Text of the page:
You Wouldn't Expect the Rooftop Addition on This American Foursquare in Portland

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By Melissa Dalton
LEVER Architecture calls the project the Fivesquare in reference to the modern glass box that now crowns the traditional Foursquare home.

Upon buying this 1910 home in Portland, Oregon, the homeowners sought to add a little more living space. Local firm LEVER Architecture stepped in with a somewhat unconventional renovation plan. Portland's neighborhoods are filled with American Foursquare-style homes, so called thanks to "two primary load-bearing walls that cross to create four symmetrical spaces on each floor," write the architects. Popular from the 1890s to the 1930s, these simple residences were a response to the intricacies of the Victorian home.

By adding a "fifth square" positioned at a 45-degree angle to the existing roofline, the architects were able to create a generous studio/hang-out space on the house's third floor.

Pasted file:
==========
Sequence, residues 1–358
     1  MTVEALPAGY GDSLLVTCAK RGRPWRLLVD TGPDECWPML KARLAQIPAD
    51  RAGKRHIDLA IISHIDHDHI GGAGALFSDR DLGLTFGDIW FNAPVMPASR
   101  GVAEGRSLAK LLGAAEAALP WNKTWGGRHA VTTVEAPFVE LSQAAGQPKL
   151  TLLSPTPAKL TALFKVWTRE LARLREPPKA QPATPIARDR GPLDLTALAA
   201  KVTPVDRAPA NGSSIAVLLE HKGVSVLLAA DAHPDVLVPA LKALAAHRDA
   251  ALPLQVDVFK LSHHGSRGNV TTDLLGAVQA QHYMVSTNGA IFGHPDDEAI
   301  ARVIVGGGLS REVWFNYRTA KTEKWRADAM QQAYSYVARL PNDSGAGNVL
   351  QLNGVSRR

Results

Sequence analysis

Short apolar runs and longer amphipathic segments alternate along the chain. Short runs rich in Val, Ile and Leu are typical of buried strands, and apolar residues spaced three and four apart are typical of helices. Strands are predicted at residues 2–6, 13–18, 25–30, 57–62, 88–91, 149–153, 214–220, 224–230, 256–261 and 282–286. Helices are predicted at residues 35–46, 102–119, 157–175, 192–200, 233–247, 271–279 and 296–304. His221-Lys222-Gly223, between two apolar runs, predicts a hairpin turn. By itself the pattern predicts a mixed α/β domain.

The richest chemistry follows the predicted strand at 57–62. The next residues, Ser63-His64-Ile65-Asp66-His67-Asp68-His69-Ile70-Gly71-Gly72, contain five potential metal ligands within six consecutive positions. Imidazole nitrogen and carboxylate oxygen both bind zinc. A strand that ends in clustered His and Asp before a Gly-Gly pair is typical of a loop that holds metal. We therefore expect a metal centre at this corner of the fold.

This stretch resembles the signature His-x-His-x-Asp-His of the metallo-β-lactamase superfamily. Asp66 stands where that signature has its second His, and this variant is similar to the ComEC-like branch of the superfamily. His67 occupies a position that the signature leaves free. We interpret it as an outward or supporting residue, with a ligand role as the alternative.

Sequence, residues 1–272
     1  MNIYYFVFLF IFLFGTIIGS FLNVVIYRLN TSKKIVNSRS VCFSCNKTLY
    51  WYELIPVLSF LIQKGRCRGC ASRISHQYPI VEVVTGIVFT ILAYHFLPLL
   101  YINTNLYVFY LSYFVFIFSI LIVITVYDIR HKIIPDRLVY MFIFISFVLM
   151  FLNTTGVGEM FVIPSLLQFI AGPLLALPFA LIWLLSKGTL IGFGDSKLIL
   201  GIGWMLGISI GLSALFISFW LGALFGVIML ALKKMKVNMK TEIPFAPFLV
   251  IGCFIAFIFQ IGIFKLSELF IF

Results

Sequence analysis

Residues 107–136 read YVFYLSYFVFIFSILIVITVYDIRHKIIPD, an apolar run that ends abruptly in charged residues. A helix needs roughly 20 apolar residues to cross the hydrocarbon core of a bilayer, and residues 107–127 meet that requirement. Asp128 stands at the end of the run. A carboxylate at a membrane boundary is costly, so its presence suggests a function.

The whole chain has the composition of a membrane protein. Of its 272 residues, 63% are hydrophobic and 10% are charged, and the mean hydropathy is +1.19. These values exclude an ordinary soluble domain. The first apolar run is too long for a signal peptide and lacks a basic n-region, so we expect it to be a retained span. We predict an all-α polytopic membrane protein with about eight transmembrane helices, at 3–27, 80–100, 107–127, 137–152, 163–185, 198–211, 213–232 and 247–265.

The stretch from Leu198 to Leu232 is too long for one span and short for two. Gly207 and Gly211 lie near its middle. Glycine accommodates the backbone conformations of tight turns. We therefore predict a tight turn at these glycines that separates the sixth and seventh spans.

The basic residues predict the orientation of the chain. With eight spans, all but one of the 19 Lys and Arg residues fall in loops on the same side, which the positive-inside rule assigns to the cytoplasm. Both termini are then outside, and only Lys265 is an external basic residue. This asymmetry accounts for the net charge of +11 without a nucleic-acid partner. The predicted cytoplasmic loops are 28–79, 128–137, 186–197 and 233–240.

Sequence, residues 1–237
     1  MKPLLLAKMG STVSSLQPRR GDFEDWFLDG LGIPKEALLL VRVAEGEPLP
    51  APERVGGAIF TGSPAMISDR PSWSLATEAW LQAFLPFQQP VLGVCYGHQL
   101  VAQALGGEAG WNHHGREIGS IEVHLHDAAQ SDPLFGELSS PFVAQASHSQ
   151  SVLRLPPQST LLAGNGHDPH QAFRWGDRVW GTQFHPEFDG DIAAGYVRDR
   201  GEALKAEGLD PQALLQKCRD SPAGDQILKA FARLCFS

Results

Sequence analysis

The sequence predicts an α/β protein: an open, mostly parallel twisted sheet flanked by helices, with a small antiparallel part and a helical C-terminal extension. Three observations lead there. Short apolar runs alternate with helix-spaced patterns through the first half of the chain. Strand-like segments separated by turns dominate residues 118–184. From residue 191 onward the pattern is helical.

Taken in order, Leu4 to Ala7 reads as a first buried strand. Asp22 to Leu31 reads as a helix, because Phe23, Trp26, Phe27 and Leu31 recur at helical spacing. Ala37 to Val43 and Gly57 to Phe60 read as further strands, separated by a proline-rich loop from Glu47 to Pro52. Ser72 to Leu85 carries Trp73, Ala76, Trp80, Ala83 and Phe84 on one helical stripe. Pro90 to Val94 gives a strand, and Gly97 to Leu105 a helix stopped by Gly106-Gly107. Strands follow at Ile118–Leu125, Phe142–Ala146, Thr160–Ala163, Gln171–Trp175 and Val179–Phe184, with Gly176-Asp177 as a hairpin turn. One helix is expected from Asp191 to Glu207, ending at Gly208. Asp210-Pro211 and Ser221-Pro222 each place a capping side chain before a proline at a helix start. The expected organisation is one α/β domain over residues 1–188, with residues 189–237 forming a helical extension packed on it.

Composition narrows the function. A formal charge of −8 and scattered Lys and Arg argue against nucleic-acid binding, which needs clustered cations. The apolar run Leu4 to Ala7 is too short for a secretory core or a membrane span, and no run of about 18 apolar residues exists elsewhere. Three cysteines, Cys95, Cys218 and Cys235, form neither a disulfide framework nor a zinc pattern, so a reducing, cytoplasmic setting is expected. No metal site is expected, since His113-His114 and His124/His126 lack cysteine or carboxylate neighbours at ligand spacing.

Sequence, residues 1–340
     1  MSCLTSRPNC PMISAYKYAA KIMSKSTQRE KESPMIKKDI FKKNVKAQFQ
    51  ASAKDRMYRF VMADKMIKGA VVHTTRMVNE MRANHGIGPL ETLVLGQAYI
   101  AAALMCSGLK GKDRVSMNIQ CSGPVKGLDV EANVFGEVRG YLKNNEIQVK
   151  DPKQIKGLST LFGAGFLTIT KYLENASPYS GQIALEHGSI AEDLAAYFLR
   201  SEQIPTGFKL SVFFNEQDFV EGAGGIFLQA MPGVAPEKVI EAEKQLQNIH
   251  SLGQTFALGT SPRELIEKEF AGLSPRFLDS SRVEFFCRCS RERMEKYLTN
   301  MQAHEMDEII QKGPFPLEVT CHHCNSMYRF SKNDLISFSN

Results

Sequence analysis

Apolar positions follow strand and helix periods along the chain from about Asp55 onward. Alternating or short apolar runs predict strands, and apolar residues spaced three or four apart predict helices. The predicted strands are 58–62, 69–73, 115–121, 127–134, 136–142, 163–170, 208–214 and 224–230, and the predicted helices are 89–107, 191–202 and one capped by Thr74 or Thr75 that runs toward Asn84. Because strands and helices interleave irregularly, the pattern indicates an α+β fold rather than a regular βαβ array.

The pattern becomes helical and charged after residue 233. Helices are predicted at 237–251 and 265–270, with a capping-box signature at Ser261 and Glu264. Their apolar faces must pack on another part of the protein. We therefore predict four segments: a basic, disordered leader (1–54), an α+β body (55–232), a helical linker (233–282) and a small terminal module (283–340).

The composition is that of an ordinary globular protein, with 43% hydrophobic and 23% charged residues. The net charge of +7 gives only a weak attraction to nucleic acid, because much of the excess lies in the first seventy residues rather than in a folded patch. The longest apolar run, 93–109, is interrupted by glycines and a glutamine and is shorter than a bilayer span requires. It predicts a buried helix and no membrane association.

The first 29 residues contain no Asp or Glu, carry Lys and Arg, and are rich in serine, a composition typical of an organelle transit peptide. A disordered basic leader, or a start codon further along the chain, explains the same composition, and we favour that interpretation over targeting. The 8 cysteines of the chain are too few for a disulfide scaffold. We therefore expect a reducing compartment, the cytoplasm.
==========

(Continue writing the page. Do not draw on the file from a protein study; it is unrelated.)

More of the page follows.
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The architects write, "The design explores the tension between keeping the iconic reading of the house at the street and a contemporary approach at the roof." Sugi ban cladding further blends the new with the old asphalt shingle roof.

Inside, plentiful windows offer fantastic views of the neighborhood's rooftops, as well as downtown Portland.

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A skylight also brings natural light down into the second floor hallway, which was quite dark before, and spotlights the new white oak stairwell there.

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The bathrooms and kitchen also received modern updates, such as Caesarstone counters, streamlined white oak cabinetry, and inky blue Heath tile in the latter. 

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Project Credits:

Design: LEVER Architecture

Builder/General Contractor: Cascade Restoration and Remodeling 

Structural Engineer: SCE, Inc.

Landscape Design: Lango Hansen Landscape Architects

Lighting Design: O-llc

Cabinetry Design/Installation: Cascade Restoration and Remodeling